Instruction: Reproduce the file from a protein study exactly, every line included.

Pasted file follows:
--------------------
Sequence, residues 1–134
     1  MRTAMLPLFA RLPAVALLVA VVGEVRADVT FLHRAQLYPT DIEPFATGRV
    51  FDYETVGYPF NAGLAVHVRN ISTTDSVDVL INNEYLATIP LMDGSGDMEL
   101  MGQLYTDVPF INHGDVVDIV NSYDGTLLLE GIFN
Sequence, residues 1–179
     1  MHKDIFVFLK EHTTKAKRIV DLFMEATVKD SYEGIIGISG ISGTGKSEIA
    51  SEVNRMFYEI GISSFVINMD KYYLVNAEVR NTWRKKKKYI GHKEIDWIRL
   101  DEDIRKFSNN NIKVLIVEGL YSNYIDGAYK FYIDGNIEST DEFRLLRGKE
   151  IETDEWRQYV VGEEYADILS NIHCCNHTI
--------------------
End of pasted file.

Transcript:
Sequence, residues 1–134
     1  MRTAMLPLFA RLPAVALLVA VVGEVRADVT FLHRAQLYPT DIEPFATGRV
    51  FDYETVGYPF NAGLAVHVRN ISTTDSVDVL INNEYLATIP LMDGSGDMEL
   101  MGQLYTDVPF INHGDVVDIV NSYDGTLLLE GIFN
Sequence, residues 1–179
     1  MHKDIFVFLK EHTTKAKRIV DLFMEATVKD SYEGIIGISG ISGTGKSEIA
    51  SEVNRMFYEI GISSFVINMD KYYLVNAEVR NTWRKKKKYI GHKEIDWIRL
   101  DEDIRKFSNN NIKVLIVEGL YSNYIDGAYK FYIDGNIEST DEFRLLRGKE
   151  IETDEWRQYV VGEEYADILS NIHCCNHTI